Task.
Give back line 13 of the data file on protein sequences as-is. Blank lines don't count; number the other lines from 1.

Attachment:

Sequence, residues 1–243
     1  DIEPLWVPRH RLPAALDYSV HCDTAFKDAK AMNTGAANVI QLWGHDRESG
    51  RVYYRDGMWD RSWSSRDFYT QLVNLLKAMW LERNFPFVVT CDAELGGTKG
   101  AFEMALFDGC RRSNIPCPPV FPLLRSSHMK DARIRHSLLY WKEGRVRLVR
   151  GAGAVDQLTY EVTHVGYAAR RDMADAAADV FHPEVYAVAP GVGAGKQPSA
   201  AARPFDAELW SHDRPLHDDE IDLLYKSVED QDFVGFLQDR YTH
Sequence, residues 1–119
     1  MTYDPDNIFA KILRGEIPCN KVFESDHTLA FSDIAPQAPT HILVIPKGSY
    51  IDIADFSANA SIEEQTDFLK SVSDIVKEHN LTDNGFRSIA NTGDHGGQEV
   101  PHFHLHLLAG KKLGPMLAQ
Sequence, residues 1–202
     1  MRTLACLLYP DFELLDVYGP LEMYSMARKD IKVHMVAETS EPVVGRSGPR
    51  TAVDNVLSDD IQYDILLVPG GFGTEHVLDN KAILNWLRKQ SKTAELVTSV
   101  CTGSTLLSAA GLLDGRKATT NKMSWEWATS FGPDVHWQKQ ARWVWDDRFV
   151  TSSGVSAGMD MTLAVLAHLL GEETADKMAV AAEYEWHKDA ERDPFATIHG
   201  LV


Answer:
    51  TAVDNVLSDD IQYDILLVPG GFGTEHVLDN KAILNWLRKQ SKTAELVTSV